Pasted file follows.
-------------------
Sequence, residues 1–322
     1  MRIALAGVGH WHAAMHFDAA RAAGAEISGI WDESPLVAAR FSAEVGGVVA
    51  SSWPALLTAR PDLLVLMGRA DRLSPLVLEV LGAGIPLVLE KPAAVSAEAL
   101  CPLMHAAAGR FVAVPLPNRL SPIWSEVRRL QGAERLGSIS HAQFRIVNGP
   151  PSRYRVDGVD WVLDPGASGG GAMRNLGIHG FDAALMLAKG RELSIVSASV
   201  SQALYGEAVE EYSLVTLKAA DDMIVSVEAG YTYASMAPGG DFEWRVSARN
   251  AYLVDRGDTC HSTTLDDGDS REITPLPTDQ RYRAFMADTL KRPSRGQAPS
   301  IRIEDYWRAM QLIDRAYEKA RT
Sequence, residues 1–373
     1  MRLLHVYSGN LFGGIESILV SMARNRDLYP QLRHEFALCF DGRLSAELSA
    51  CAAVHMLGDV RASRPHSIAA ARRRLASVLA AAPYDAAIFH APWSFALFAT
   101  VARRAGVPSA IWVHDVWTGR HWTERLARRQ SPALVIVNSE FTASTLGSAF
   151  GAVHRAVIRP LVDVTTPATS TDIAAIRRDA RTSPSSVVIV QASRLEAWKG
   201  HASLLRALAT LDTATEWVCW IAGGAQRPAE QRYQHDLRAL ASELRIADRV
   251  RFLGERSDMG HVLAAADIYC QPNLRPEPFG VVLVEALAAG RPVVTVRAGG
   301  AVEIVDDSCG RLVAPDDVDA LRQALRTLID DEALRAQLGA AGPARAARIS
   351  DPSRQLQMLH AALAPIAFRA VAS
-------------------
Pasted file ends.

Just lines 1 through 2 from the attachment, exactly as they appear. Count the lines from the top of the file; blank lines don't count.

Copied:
Sequence, residues 1–322
     1  MRIALAGVGH WHAAMHFDAA RAAGAEISGI WDESPLVAAR FSAEVGGVVA